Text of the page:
In October 1944, Steven was smuggled out on a transport to Niederorschel, a satellite camp of Buchenwald concentration camp, where he spent nearly six months working on the assembly line in a Junkers aircraft factory. On the night of April 1-2, 1945, the inmates were led out on a death march; they entered Buchenwald late on April 10. After being herded into one of the barracks, Steven went to sleep. The next morning the camp was liberated by American soldiers from the 6th Armored Division. Steven returned home to Yugoslavia where he was reunited with his father and sister, but his father died a few months later. Steven returned to school where he was forced to join a communist youth organization or risk expulsion. He and Estera decided to leave Yugoslavia and in 1947 they escaped to Paris, France. After three years they immigrated to the United States, settling in Chicago. Steven was drafted into the U.S. Army eighteen months later. After he was discharged he studied on the GI Bill, eventually earning his doctorate. Steven entered the computing field in the mid-1950s and devoted his 42-year academic career, at the University of Illinois and later at Carnegie Mellon University in Pittsburgh, PA, to the development of computer concepts and tools for civil engineers. Steven retired in 2009. He and his wife, Norma, live in Rockville, MD. Steven is a volunteer at the United States Holocaust Memorial Museum.

    After being transported from Auschwitz concentration camp, Estera Fenyves Votaw (1929-2012), survived the Holocaust as a forced laborer in a lightbulb factory. She was liberated from Bergen-Belsen concentration camp in April 1945. In 1950, Estera and Steven immigrated to the United States, settling in Chicago, Illinois. In 1953, Estera married Albert Votaw (1925-1983). They had four daughters. Albert Votaw, an employee for the U.S. Agency for International Development (USAID), died in a bombing of an embassy in Beirut, Lebanon on April 18, 1983. Estera Fenyves Votaw died on June 30, 2012.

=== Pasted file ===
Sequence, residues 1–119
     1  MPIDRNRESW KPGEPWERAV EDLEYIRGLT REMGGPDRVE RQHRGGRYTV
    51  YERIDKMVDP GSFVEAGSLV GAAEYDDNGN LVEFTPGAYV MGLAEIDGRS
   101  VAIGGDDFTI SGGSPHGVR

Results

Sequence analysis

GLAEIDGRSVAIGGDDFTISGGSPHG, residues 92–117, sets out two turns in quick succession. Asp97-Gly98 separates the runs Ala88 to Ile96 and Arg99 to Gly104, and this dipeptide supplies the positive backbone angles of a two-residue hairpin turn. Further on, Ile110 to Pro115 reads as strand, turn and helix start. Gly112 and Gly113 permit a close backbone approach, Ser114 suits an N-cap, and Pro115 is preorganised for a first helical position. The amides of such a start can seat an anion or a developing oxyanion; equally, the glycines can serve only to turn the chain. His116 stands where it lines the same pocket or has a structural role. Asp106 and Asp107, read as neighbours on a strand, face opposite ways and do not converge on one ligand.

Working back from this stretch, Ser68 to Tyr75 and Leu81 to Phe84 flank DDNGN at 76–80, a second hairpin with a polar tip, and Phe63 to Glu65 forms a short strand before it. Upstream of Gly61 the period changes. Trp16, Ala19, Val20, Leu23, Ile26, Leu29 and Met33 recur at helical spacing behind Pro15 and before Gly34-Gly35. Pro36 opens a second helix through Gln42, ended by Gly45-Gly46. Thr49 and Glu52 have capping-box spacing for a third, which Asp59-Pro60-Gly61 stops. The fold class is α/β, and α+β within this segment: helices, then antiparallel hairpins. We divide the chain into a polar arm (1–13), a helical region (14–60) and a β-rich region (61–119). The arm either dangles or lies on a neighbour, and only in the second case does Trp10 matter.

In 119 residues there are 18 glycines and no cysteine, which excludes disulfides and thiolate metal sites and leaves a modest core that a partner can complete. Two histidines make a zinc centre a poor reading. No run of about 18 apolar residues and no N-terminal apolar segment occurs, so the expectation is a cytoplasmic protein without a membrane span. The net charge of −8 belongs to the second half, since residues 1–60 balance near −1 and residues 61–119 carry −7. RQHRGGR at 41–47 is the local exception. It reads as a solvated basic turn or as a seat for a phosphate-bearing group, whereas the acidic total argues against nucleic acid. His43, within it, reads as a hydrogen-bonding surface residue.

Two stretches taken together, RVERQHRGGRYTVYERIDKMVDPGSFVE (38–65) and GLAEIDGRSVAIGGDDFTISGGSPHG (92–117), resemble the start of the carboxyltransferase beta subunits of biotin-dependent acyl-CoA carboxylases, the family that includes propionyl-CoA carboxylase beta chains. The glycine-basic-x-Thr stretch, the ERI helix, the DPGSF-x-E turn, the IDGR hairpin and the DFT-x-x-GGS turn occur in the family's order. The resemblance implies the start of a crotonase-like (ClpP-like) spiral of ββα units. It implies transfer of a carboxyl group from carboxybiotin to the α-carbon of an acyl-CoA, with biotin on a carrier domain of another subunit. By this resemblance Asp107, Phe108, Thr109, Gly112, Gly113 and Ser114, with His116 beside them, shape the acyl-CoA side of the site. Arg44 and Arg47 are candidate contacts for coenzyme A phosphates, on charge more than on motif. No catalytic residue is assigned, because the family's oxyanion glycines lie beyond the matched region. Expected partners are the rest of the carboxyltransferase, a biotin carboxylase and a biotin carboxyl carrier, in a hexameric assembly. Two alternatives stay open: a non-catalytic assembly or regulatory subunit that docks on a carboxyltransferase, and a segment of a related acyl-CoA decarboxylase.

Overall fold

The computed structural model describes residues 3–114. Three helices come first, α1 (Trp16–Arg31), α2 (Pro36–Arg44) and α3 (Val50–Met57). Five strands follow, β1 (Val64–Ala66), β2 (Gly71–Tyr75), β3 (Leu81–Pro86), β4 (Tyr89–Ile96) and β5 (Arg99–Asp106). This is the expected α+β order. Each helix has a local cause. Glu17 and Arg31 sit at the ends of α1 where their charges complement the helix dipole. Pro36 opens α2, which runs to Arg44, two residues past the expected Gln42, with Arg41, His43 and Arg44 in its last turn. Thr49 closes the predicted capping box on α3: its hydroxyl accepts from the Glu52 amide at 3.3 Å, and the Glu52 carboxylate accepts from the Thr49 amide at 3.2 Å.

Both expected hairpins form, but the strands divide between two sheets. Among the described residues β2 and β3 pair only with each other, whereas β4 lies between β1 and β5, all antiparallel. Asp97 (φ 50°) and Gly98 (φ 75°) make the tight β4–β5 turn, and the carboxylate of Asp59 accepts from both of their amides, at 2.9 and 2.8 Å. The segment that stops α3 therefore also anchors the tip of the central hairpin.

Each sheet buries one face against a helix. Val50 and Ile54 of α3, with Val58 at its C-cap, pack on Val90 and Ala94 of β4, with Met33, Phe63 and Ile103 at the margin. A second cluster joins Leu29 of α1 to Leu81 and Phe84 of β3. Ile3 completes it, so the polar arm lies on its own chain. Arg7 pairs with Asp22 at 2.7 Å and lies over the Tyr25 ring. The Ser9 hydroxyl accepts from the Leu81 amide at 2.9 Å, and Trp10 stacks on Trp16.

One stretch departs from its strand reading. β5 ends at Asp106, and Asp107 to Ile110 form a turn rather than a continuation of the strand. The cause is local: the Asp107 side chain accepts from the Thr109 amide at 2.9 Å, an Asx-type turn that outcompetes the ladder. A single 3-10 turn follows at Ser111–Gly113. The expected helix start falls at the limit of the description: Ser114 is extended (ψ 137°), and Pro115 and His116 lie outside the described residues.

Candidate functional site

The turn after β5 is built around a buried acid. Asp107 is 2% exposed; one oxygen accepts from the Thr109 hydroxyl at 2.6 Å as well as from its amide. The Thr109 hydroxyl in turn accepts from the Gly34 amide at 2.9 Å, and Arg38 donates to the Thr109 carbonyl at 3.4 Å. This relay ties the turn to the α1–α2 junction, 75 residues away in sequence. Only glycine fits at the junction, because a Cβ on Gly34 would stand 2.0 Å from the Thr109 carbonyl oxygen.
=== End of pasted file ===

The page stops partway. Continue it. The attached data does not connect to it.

Physical Details

    1 oversize box
    System of Arrangement
    The Fenyves family recipe book is a single item.

    Rights & Restrictions

    Conditions on Access
    There are no known restrictions on access to this material.
    Conditions on Use
    Material(s) in this collection may be protected by copyright and/or related rights. You do not require further permission from the Museum to use this material. The user is solely responsible for making a determination as to if and how the material may be used.

    Keywords & Subjects

    Geographic Name

    Administrative Notes

    Steven J. Fenves Ph.D and Estera Fenyves Votaw donated the Fenyves family recipe book to the United States Holocaust Memorial Museum in 2014.
    Funding Note
    The cataloging of this collection has been supported by a grant from the Conference on Jewish Material Claims Against Germany.
    Record last modified:
    2023-03-21 17:10:37